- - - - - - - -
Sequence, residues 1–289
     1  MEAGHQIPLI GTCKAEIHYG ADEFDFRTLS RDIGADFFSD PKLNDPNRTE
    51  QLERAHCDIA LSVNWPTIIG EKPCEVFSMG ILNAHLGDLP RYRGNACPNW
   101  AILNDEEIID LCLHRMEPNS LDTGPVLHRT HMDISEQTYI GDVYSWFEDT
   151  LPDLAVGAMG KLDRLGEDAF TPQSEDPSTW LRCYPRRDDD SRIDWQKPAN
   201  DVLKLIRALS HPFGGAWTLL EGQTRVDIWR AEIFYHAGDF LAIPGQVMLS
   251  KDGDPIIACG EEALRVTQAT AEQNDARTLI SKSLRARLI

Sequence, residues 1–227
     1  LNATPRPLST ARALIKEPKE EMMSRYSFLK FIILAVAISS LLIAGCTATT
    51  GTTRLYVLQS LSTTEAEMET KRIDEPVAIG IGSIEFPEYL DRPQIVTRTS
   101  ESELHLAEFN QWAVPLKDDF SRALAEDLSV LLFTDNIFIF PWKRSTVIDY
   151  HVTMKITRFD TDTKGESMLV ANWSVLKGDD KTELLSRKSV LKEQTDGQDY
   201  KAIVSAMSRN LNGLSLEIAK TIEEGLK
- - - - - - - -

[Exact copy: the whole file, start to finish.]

Sequence, residues 1–289
     1  MEAGHQIPLI GTCKAEIHYG ADEFDFRTLS RDIGADFFSD PKLNDPNRTE
    51  QLERAHCDIA LSVNWPTIIG EKPCEVFSMG ILNAHLGDLP RYRGNACPNW
   101  AILNDEEIID LCLHRMEPNS LDTGPVLHRT HMDISEQTYI GDVYSWFEDT
   151  LPDLAVGAMG KLDRLGEDAF TPQSEDPSTW LRCYPRRDDD SRIDWQKPAN
   201  DVLKLIRALS HPFGGAWTLL EGQTRVDIWR AEIFYHAGDF LAIPGQVMLS
   251  KDGDPIIACG EEALRVTQAT AEQNDARTLI SKSLRARLI

Sequence, residues 1–227
     1  LNATPRPLST ARALIKEPKE EMMSRYSFLK FIILAVAISS LLIAGCTATT
    51  GTTRLYVLQS LSTTEAEMET KRIDEPVAIG IGSIEFPEYL DRPQIVTRTS
   101  ESELHLAEFN QWAVPLKDDF SRALAEDLSV LLFTDNIFIF PWKRSTVIDY
   151  HVTMKITRFD TDTKGESMLV ANWSVLKGDD KTELLSRKSV LKEQTDGQDY
   201  KAIVSAMSRN LNGLSLEIAK TIEEGLK